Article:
A migraine can cause unbearable pain or a pulsing sensation, usually on one side of the head, accompanied by nausea, vomiting, and extreme sensitivity to light and sound. Migraine pains can last for hours to days, and the pain can be so severe that it interferes with your daily activities.
The diagnosis of migraine headaches is determined based on symptoms and clinical history. There are two most common categories of migraine headache: 1) without aura (previously known as common migraines) and 2) with aura (previously known as classic migraines).
Migraines can begin at any age and Women are more likely to get migraines and are hereditary.
Migraine pain will progress through four stages: prodrome, aura, attack and post-drome. Everyone who has migraines may not go through all stages.
One or two days before a migraine, you might notice modest changes that warn of an upcoming migraine, including:
- Mood changes
- Food cravings
- Neck stiffness
- Increased thirst and urination
- Frequent yawning
Aura might occur before or during migraines. Auras are reversible symptoms of the nervous system. Usually visual, but can also include other disturbances. Each symptom usually begins gradually, builds up over several minutes and lasts for 15 to 60 minutes.
Examples of migraine aura include:
- Seeing various shapes and bright spots(visual phenomena)
- Vision loss
- Uncomfortable tingling, prickling sensations in an arm or leg
- Numbness in the face/one side of the body
- Difficulty speaking
- Hearing noises or music
- Uncontrollable jerking or other movements
A migraine usually lasts from four to 72 hours if untreated, varies from person to person. Migraine attacks might occur rarely or strike several times.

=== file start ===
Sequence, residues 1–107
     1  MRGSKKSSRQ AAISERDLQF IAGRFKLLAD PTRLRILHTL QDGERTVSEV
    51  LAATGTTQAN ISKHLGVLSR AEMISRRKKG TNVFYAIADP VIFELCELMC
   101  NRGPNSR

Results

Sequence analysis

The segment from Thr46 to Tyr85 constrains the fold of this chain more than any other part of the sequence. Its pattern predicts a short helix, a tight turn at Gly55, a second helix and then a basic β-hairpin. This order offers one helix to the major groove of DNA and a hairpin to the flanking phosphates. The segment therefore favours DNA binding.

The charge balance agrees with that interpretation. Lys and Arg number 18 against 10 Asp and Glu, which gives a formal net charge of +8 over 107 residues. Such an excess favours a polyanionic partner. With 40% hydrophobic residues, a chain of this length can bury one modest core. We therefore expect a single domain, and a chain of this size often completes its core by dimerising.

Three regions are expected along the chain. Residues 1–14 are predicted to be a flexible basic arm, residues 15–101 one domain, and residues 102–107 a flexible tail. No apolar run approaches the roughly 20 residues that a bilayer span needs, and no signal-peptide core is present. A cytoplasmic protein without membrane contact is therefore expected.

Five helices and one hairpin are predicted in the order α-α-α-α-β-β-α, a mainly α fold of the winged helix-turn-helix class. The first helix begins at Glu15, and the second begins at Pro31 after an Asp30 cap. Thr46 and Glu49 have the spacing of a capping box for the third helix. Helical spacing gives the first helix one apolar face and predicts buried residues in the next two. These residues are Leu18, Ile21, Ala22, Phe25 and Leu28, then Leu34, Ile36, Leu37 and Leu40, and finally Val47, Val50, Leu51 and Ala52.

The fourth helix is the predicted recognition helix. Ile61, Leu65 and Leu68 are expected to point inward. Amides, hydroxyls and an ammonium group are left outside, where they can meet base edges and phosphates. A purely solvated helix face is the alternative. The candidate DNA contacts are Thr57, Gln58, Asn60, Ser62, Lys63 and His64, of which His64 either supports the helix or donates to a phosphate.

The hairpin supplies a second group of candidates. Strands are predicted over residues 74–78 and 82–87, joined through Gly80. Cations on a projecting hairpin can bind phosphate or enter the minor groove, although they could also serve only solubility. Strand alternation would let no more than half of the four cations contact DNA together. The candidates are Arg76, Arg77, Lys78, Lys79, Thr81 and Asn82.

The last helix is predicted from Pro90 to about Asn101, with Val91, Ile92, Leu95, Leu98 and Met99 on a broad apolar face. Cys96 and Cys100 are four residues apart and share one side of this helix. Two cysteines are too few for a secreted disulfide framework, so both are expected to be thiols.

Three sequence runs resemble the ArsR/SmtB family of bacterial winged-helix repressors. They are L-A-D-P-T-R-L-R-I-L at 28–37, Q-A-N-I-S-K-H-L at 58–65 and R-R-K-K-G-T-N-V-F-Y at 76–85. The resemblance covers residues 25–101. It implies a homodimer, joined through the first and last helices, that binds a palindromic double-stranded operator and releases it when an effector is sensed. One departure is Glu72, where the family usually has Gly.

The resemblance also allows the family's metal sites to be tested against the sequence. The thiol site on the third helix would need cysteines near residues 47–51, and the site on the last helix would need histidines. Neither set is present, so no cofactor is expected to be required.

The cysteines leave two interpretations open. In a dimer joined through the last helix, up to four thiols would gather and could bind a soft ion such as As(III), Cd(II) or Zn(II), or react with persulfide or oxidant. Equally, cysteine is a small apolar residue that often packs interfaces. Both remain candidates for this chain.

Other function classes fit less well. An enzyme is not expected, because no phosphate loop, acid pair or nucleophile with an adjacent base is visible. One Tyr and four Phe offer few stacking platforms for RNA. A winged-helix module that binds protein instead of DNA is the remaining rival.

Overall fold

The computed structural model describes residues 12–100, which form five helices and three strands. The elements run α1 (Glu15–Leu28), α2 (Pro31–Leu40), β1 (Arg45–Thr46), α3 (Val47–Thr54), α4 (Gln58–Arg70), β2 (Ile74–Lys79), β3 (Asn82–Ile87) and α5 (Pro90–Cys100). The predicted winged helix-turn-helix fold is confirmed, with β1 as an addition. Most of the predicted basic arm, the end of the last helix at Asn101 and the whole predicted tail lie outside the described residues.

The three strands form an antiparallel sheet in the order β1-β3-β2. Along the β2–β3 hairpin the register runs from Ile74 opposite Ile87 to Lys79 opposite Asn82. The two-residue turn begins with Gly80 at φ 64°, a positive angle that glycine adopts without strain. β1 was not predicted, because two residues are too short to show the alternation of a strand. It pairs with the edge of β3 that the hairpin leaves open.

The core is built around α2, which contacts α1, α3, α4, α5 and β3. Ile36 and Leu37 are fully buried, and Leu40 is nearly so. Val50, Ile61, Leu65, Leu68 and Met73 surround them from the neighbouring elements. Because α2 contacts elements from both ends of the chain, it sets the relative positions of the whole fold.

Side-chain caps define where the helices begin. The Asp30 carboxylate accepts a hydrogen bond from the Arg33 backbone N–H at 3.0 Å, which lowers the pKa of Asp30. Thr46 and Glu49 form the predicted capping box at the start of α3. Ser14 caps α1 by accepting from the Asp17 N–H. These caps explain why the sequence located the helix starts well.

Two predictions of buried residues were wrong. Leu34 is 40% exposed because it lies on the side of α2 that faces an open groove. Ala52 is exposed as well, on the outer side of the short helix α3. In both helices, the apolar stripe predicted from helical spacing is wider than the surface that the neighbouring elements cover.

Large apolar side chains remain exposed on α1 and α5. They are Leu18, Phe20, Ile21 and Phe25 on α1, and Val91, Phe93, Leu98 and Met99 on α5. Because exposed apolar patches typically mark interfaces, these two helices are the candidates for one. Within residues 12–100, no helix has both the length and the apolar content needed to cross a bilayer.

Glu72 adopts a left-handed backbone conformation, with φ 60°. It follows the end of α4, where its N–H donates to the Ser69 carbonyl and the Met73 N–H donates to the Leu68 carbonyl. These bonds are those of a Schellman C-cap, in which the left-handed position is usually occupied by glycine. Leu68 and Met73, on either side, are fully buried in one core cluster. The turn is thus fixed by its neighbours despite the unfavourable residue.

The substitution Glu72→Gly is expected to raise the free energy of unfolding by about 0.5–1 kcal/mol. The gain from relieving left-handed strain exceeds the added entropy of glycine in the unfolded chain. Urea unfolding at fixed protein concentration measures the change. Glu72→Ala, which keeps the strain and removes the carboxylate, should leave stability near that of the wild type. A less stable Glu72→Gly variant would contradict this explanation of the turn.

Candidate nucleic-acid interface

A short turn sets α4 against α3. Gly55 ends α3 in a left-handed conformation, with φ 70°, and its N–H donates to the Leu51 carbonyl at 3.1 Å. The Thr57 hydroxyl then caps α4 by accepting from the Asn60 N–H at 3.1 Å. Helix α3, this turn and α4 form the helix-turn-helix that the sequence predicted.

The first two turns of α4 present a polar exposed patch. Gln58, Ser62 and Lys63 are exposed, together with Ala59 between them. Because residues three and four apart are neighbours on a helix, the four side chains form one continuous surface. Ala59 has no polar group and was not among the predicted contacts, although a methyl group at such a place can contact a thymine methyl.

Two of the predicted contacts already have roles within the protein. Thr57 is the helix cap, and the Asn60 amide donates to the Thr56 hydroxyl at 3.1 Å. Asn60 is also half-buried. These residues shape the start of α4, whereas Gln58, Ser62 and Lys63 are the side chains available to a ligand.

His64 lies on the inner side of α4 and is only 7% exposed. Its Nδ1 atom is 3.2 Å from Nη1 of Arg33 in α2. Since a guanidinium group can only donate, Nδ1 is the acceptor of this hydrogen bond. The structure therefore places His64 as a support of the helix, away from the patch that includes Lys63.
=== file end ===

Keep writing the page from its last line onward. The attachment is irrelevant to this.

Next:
During a migraine, you might have:
- Pain usually on one side of your head, sometimes both sides
- Pain that throbs or pulses
- Sensitivity to light and sound
- Nausea and vomiting
After a migraine attack, you might feel drained and confused for up to a day. The pain may occur briefly with sudden head movement.
When to see a doctor
Migraines are often undiagnosed and untreated. If you regularly have signs and symptoms of migraine, keep a record of your attacks and how you treated them and consult the doctor.
See your doctor immediately if you have any of the following signs/symptoms, which could indicate a more serious medical problem:
- Severe headache like a thunderclap
- Headache with severe fever, double vision, numbness etc.
- Severe headache after a head injury
- A chronic migraine pain that is worse after coughing, exertion, straining or a sudden movement
What Can Trigger a Migraine Headache?
Some common migraine triggers include:
- Changes in weather
- Feeling very tired
- Skipping meals
- Changes to your sleep
How Are Migraine Headaches Treated?
There’s no cure for migraine headaches. But many medicines can treat or even prevent some of them. Common types of migraine treatments include:
- Pain relief
- Nausea medicine
- Preventive medicines
If you don’t respond to other treatments and you have 3 or more migraine days a month, your doctor may suggest these medicines, taking them regularly may reduce the severity and frequency of your headaches. They include seizure medicines, blood pressure medicines (like beta blockers and calcium channel blockers), and some antidepressants.
People may feel less migraine symptoms when they eat on a regular schedule and get enough rest. Regular exercise — in moderation — can also help prevent them. If lifestyle changes did not show results, you have other options.
Don’t let migraines rule your life. Get the right diagnosis and expert treatment. Make an appointment with an expert pain specialist at Advanced Spine and Knee Hospital.